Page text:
For the past twenty years, ILA has been conducting an annual survey and publishing the “What’s Hot in Literacy Report.” The goal of the survey is to rank literacy-related topics in terms of what’s hot (talked about) and what (should be) important at both the community and country levels. You can access the 2017 “What’s Hot in Literacy Report” and read a summary of the report posted 1/11/17 by April Hall on the ILA blog.

This year 1,600 respondents from 89 countries responded to the survey. There are many take-aways from this year’s survey that should be of particular interest to school librarians. These are just some of the highlights.

It is no surprise that assessment and standards are the #1 hot topics, but survey respondents feel these topics are not as important as the attention they are getting. They rank #10 at the country level and #12 at the community level. While there is no doubt in my mind that school librarians must gather student learning outcomes data that reflects the effectiveness of our teaching/coteaching, we want to continue to measure the impact of our school library programs in other terms as well.

Some of the assessment questions we might want to answer:

1.    Are students, faculty, administrators, and parents involved in planning, managing, and promoting the school library program, including literacy events and teaching activities?
2.    Do visitors to our library make positive remarks regarding the activities, displays, and learning engagements taking place?
3.    How many successful inquiry learning units have we coplanned and cotaught this month/semester/year, and how do students and colleagues talk about these experiences?
4.    How often does our principal make remarks in faculty, PTA, and school board meetings and other communications related to the work of the school librarian and the role of the school library program?

Another area that I think should be of interest to school librarians is early literacy. In the survey, it is both hot and important. 80% of respondents at the community level and 78% of the respondents at the country level feel early literacy is very or extremely important. While some elementary school librarians serve the needs of preschool children in their community, I believe it behooves us to develop more partnerships with families, childcare centers, and non-profit agencies in order to support early childhood education and family literacy.

When I served as the school librarian at Corbett Elementary School, I provided a monthly storytime for Head Start children, teachers, and families. At Gale Elementary, our library program offered a weekly storytime for a developmental preschool that met on our school site. Still, I thought our libraries could do more. For example, in my role as a literacy coach at Van Buskirk Elementary, I collaborated with the community outreach coordinator to facilitate a weekly workshop for parents, most of whom were primary Spanish-speaking moms. They made books, personalized with characters and information related to their family culture, which they practiced reading in the workshop and could read fluently at home to their children.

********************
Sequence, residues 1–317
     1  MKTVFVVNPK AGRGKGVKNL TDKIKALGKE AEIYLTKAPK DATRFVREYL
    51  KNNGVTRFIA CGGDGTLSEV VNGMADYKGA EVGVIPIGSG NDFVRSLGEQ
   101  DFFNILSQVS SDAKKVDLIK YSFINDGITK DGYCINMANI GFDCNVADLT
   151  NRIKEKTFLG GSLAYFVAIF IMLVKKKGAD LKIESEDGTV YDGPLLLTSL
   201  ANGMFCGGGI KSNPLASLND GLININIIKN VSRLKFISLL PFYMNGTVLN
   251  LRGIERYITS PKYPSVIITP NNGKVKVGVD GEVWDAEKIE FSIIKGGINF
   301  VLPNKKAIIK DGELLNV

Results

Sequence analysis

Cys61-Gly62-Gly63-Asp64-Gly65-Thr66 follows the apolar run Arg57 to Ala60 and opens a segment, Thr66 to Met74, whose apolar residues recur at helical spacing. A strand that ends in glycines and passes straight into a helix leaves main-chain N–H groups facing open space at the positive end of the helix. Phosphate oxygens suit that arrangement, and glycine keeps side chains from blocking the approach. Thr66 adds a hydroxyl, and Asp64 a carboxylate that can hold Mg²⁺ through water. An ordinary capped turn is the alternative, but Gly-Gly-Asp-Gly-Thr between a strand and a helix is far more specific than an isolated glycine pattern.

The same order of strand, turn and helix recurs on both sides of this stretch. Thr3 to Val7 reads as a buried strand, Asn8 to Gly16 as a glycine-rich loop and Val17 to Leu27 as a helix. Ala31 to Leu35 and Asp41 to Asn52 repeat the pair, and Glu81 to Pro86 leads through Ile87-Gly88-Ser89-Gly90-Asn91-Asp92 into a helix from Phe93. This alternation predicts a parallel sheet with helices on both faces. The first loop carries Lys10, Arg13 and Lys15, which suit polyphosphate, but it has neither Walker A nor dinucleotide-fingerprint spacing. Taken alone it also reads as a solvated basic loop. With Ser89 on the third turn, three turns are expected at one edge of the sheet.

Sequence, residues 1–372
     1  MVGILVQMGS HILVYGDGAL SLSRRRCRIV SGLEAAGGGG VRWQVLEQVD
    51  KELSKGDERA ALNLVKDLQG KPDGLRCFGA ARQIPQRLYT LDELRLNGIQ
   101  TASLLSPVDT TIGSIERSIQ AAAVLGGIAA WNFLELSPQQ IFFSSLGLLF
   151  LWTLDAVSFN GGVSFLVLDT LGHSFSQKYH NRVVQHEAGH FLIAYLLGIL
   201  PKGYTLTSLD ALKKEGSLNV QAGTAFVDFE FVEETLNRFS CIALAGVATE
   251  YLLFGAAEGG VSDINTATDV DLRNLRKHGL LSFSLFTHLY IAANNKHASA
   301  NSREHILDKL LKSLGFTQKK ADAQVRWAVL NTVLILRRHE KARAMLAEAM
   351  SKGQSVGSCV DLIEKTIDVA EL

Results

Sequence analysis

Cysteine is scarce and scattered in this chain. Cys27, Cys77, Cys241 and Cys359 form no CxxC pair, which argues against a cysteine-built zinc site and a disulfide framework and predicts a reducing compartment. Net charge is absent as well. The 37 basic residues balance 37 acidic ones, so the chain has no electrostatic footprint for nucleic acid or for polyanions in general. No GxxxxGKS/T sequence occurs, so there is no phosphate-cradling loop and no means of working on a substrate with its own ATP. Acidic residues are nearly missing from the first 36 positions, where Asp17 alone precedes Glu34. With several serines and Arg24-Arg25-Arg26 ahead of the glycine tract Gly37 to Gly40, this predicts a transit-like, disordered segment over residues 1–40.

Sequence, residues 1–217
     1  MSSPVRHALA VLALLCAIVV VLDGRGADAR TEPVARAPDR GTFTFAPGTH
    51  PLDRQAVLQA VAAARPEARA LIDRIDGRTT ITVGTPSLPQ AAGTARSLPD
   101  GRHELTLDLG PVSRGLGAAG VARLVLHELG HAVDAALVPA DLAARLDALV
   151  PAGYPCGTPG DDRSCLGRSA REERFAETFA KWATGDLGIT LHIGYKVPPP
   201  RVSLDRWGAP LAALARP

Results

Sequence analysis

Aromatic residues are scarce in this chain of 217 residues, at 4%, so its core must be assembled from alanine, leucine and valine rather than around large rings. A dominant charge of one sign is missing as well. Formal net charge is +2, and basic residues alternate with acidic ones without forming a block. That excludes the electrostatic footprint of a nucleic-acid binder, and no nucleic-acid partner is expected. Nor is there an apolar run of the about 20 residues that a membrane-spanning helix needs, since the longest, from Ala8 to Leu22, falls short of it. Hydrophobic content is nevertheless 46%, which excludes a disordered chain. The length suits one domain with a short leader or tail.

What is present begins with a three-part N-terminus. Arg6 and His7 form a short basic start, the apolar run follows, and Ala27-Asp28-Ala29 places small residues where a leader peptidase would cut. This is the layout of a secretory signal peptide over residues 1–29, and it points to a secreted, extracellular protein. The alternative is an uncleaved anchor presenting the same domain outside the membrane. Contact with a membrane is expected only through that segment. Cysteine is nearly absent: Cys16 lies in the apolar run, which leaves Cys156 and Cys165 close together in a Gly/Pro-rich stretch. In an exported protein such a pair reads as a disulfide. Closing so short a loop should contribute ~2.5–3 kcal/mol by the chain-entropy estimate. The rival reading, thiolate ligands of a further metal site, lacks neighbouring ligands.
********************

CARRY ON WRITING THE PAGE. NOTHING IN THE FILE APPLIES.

The “What’s Hot in Literacy Survey” also found that parent engagement is more important than it is hot. Let’s keep thinking about how we can support family literacy in our communities.

Teacher professional learning and development were other areas that 71% of respondents believe are very or extremely important. From my perspective, homegrown, personalized learning for educators should be extremely hot and extremely important. For me, classroom-library coteaching was the most effective way to develop my own practice and influence the professional learning of others.

My ILA blog post about the report is scheduled for this Thursday, February 9. In it, I address two of the largest gaps between what is hot and what should be hot: students’ access to books and content and literacy learning in resource-limited settings. These gaps are directly related to the work of school librarians and the role of school libraries in education. (I also included an appeal for advocacy related to including school librarians in state-level Every Student Succeeds Act plans.)

I will post the link in the comments section when it goes live.

Remixed Image Credit:
Avimann. “Flame.” Morguefile.com.

Library Values Honor the Legacy of Dr. King